Most kids write stories. Only a few of them grow up to be successful authors. But before there was Carrie, there was Jhonathan and the Witchs. And before there was Rabbit Angstrom, Toyota Dealer, there was Manuel Cirarro, famous detective. Could we have seen the seeds of success in Stephen King's and John Updike's juvenilia? A funny and surprisingly informative gathering of childhood creations by today's most celebrated writers.
In this exuberant, character-filled saunter though a place he has loved almost his entire life, Roy Blount Jr. writes of a city "like no other place in America, and yet (or therefore) the cradle of American culture". Here we experience it all through his eyes, ears, and taste buds: the architecture, music, romance (yes, sex too), historical characters, and all that glorious food.
"Why couldn't the author have read this book?"
Guy Fox first encountered Clementine on the campus of Dingler College. She was running, stark naked, away from an on-campus protest and the police who were pursuing her. Guy and Clementine's romance wound through turbulent social movements of the '60s and '70s, all the way to Clementine's ascension to the Oval Office. As the nation's very first First Husband, Guy is privy to the surreal intricacies of presidential life, and he sets out to write a light and thoroughly uncontroversial memoir about his relationship with Clementine.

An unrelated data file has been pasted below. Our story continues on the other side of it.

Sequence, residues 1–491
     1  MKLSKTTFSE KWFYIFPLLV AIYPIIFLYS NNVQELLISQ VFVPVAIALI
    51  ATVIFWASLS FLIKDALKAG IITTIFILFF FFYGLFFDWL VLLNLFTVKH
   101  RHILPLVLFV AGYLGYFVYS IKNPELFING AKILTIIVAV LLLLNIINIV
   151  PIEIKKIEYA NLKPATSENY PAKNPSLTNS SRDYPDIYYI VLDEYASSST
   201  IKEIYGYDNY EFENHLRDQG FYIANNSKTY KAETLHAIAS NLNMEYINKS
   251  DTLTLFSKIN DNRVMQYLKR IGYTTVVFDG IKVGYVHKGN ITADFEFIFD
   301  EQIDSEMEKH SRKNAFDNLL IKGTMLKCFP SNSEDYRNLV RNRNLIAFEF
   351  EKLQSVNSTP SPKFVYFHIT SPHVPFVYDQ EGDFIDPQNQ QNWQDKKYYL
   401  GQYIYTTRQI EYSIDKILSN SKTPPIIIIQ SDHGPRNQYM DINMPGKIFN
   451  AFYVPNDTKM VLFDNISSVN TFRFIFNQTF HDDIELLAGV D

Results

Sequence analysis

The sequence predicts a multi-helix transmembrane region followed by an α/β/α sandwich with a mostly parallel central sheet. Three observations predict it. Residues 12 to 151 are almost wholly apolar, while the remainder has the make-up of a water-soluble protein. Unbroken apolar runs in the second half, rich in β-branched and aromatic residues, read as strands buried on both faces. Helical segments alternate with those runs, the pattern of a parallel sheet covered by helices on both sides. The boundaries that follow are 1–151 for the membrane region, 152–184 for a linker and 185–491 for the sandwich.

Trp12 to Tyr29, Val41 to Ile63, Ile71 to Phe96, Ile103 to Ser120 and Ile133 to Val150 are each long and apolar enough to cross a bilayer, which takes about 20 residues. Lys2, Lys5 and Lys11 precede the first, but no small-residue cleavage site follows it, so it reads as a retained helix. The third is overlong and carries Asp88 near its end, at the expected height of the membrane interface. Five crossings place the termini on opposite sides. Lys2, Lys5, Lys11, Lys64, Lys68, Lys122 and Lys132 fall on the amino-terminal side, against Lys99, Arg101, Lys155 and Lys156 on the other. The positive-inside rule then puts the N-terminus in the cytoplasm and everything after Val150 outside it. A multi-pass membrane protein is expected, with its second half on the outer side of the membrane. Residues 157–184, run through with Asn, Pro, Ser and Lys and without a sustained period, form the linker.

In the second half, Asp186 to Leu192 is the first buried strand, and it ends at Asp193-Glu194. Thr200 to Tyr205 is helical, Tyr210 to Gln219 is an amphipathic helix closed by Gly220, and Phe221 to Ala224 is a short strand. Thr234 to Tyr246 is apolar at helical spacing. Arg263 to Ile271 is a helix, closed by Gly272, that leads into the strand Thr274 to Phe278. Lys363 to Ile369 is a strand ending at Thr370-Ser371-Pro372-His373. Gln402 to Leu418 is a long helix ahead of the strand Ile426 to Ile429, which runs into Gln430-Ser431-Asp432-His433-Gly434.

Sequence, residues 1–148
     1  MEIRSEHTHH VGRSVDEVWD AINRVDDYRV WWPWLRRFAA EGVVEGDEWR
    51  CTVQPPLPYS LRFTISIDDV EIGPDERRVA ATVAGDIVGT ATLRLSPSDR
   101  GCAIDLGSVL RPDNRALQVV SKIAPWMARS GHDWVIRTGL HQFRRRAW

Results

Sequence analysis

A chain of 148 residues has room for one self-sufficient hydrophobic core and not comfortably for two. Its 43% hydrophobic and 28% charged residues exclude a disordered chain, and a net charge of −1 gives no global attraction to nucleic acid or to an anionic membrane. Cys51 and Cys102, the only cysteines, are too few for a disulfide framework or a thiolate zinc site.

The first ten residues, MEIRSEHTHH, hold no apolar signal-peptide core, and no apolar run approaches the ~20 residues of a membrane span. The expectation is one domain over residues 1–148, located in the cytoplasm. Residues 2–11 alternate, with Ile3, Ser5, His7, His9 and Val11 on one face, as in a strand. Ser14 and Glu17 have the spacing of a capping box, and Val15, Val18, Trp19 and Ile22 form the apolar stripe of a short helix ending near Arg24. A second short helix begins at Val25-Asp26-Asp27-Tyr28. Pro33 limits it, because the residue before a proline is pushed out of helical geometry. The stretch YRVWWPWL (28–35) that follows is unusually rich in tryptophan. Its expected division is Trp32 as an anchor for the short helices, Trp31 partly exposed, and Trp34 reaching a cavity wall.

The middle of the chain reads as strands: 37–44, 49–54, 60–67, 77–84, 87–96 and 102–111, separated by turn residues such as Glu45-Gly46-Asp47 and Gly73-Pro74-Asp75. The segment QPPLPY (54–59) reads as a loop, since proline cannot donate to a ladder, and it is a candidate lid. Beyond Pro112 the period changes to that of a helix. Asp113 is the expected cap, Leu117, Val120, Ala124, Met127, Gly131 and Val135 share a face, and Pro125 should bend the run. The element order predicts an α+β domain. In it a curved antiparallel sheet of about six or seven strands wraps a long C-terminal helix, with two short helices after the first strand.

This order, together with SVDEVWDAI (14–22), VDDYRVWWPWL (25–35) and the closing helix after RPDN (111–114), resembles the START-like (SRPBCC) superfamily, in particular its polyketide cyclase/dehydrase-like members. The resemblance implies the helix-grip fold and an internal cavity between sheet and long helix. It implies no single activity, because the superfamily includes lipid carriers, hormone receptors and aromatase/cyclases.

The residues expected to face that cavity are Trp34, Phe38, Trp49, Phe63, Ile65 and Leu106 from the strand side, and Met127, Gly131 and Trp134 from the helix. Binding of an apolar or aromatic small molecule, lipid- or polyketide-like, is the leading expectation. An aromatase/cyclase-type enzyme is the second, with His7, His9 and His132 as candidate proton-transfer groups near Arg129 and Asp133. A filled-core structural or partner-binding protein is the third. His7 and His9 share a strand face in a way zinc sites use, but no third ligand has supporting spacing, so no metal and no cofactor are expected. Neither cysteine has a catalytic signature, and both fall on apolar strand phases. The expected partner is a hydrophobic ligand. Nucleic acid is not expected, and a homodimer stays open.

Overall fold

After 40 years of making a living using words in every medium, print or electronic, Roy Blount Jr. still can't get over his ABCs. In Alphabet Juice, he celebrates the juju, the sonic and kinetic energies of letters and their combinations. Blount does not prescribe proper English. The franchise he claims is "over the counter" and concentrates more on questions such as these: Did you know that both mammal and matter derive from baby talk? Have you noticed how wince makes you wince?
"Audio format doesn't suit..."
Any number of writers could spend an entire season with an NFL team, from the first day of training camp until the last pick of the draft, and come up with an interesting book. But only Roy Blount Jr. could capture the pain, the joy, the fears, the humor - in short, the heart - of a championship team.
Here's a sly, dry, hilarious collection of essays, his first in more than 10 years, from the writer who, according to The New York Times Book Review, is "in serious contention for the title of America's most cherished humorist". This time Blount focuses on his own dueling loyalties across the great American divide, North vs. South.